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Iran Adds New Submarines To Its Naval Fleet

By Orkhan Jalilov December 4, 2018

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Two Ghadir-class submarines were commissioned in a ceremony held in the southern Iranian port city of Bandar Abbas on November 29, to mark Navy Day. / MEHR News Agency

The Iranian Navy has unveiled two new domestically-made submarines that are capable of launching subsurface-to-surface missiles.

Two Ghadir-class submarines were commissioned in a ceremony held in the southern Iranian port city of Bandar Abbas on November 29, to mark Navy Day. The submarines are designed to cruise within the shallow waters of the Persian Gulf to ensure peace and security of Iran's maritime borders, according to reporting by the Iranian Students News Agency (ISNA).

One of the submarines was dubbed Ghadir-955 and built in 18 months. The other, a previously built Ghadir-942, took 10 months to overhaul. The submarines have sonar-evading technology and can launch missiles from under water as well as fire torpedoes and drop marine mines. 

Iran began manufacturing Ghadir submarines in 2005, and the first of them was unveiled in 2007. By 2012, five such submarines were incorporated into Iran’s navy.

“Currently, Iran enjoys the powerful naval fleets of the Army and IRGC [Iranian Revolutionary Guard Corps] which are in full coordination with each other to ensure the security of the Persian Gulf, Strait of Hormuz, and Gulf of Oman”, the Commander of the Iranian Navy, Rear Admiral Hossein Khanzadi, said according to Ettelaat newspaper.

Khanzadi stressed that Iran is now capable of manufacturing a destroyer in less than two years, adding that Iran’s naval fleet is completely domestically made. He said that the first domestically-made Fateh-class submarine will join the Navy in the coming month, and that it will surprise Iran’s enemies. He did not elaborate on what that means, or which countries he considers Iran’s enemies.

According to reports, the Fateh (“conqueror”) submarine is a 100 percent, domestically-sourced technology manufactured by the Ministry of Defense. The 600-ton vessel is among semi-heavy submarines and is equipped with torpedoes and naval mines. It is said to operate at more than 200 meters below the water’s surface for about five weeks without resurfacing.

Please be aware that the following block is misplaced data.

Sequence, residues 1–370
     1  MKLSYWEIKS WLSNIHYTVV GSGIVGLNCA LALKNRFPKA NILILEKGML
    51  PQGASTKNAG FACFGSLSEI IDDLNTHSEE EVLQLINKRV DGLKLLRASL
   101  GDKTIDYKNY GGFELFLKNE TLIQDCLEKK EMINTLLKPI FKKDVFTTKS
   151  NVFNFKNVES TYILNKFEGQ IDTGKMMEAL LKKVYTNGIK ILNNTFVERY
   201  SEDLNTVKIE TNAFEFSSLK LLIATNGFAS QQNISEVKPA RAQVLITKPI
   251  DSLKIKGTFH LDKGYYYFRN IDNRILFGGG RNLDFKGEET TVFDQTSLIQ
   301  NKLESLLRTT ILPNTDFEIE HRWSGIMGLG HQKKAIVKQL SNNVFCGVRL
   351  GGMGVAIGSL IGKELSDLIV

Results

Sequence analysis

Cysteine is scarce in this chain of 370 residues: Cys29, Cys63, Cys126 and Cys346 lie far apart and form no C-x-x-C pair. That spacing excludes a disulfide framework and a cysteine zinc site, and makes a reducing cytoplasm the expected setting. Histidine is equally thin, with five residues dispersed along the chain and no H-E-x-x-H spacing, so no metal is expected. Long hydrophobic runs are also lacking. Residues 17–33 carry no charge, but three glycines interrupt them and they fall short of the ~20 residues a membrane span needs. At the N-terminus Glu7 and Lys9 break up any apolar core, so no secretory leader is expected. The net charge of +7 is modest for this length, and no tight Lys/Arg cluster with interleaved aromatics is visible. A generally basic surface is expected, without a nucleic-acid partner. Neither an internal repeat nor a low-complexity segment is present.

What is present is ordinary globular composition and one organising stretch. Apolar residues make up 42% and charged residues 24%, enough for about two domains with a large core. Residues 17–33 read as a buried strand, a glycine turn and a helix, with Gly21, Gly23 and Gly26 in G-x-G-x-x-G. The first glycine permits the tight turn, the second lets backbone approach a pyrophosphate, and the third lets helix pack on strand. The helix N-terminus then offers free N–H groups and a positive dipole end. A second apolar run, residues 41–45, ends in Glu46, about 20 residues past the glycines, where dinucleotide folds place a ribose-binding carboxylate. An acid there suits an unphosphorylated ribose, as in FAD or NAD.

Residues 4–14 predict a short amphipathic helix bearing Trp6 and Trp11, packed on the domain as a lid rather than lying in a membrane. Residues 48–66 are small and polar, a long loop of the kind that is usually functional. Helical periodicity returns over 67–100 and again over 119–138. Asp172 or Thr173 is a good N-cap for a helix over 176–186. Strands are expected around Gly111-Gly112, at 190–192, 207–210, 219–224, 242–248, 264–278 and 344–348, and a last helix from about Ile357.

Amir Rastegari, managing director of the defense ministry's Marine Industries Organization, announced on December 1 that Iran is capable of mass-producing and exporting Qadir submarines.

“Some of the friendly states are in negotiations with us to design submarines for them as well," Farda news website reported Rastegari as saying, without clarifying which countries are interested in doing business.

He also added that a home-made torpedo, Valfajr, mounted on the submarine has a destruction power six times more than that of a cruise missile and can drown a 1,000-ton vessel in less than 10 seconds.

On December 1, Iran added its advanced domestically-made destroyer called Sahand to its naval forces in the Persian Gulf during a ceremony held in the port city of Bandar Abbas.

“The first feature of Sahand is that its radar-evading capability has increased up to 30% and the form of its hull makes its detection by radars more difficult,” said Rear Admiral Ali Qolamzadeh, the head of the Self-Sufficiency Jihad wing within Iran’s navy, according to Fars news agency. “Also the number of its radar and weapons system has at least been doubled and new electronic war systems have been mounted on it,” he added.

Qolamzadeh said that the navy will mount its new, long-range, phased-array radar system named ‘Asr’ on Sahand if no newer radar system is made in the country.

The Iranian Navy announced in late 2013 that it planned to equip Sahand, which was at the time still being constructed, with more advanced weapons and electronic systems than its first-generation destroyer, Jamaran, had on board. Sahand is said to be capable of journeying across oceans for 150 days along with a logistics vessel.